SC Not really married, not really benefits, not really leave

August 5th, 2019 by Reggie Gay at Burr Forman McNair


Not married

You May No Longer Be Married in South Carolina

The Supreme Court of South Carolina recently issued an Opinion prospectively abolishing Common Law Marriage in South Carolina.  Stone v. Thompson, Op. No. 27908 (S.C. Sup. Ct. filed July 24, 2019) (Shearouse Adv. Sh. No. 30 at 94).  The effective date is July 25, 2019.  The Court’s reasoning was partially based on modern culture which is vastly different than the past.  The Court determined that South Carolina’s recognition of Common Law Marriage rested on outdated “moral paternalism”.  The stigma associated with unwed mothers and having children out of wedlock, or the difficulty of having a proper officiant for a marriage is no longer applicable.  Thus, the Court found the underlying rationale for recognizing Common Law Marriage no longer exists.

In its decision, the Court explained the reasoning for abolishing Common Law Marriage stating “We have concluded the institution’s foundations have eroded with the passage of time, and the outcomes it produces are unpredictable and often convoluted…  [T]he time has come to join the overwhelming national trend and abolish it… [and] parties may no longer enter into a valid marriage in South Carolina without a license…  We can discern no more efficacious way to fulfill these interests than to require those who wish to be married in our State to comply with our statutory requirements.”

The Court abolished Common Law Marriage prospectively meaning that parties can no longer enter into a valid Common Law Marriage from July 25, 2019 forward.  Common Law Marriages previously recognized as valid will remain valid.  Moving forward, couples will have to comply with the statutory requirement and have a valid marriage certificate.  The Supreme Court also clarified the test to be used by lower courts in determining whether a previous recognized Common Law Marriage continues to be recognized as valid.  This test or standard is the “clear and convincing evidence” standard.  The Court stated that a party asserting a Common Law Marriage is required to demonstrate mutual assent to be married by clear and convincing evidence using traditional factors, but the Court may not rely on a presumption based on cohabitation.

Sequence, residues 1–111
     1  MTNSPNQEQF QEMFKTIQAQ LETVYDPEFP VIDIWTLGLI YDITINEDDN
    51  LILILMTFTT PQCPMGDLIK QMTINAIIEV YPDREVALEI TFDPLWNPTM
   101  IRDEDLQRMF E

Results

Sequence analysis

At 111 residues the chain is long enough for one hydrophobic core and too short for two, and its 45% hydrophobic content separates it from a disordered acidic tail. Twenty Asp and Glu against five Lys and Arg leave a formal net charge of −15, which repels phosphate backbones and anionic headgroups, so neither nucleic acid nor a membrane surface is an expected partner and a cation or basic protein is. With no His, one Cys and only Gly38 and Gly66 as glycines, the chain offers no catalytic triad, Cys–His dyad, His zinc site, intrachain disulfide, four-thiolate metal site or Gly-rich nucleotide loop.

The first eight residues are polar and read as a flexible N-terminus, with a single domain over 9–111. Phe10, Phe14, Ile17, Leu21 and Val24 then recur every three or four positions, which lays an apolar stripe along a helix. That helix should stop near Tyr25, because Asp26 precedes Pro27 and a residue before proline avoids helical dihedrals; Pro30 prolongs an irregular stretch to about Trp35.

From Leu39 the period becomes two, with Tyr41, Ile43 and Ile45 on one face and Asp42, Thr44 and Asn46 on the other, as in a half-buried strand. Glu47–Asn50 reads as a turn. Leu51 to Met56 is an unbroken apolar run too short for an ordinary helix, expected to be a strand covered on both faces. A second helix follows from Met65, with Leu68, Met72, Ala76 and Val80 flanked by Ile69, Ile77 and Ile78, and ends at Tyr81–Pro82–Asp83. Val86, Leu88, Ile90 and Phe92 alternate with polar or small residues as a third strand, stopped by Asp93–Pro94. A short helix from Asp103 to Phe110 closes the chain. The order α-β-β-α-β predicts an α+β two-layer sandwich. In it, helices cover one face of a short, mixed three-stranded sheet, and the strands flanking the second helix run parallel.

So what does this Supreme Court decision mean for South Carolina employers?  This change to the law may potentially affect employers and employees in regard to leaves of absence and benefits.  As a result of this decision, it now becomes important to determine the date on which an employee who maintains he or she is married under Common Law was recognized.  As an example, Common Law spouses have been eligible to take FMLA leave to care for a Common Law spouse suffering from a serious health condition.  Following this decision, employees will only be able to take FMLA leave to care for a spouse in a Common Law Marriage if the marriage was recognized before July 25, 2019.  Going forward, employees who were married July 25, 2019 or afterwards will have to have a valid marriage certificate in order to take FMLA leave to care for a spouse.  Depending on the language used in a company’s paid leave and other benefit programs, the date of marriage may affect eligibility in these programs as well.

In summary, while an employer may not have initially given any thought to the abolition of Common Law Marriage in South Carolina, the change in the law may actually impact how a company authorizes leave and other benefits.  Accordingly, an employer may want to consider asking employees to provide reasonable documentation evidencing the existence of a valid marriage.

 

This blog was written by Reggie Gay at Burr Forman McNair, which authors our Model Employee Policies for South Carolina Employers. You can find more in their Labor & Employment e-note on their website.





Can't find what you're looking for?

Sign up for free to gain access to our complete HR Library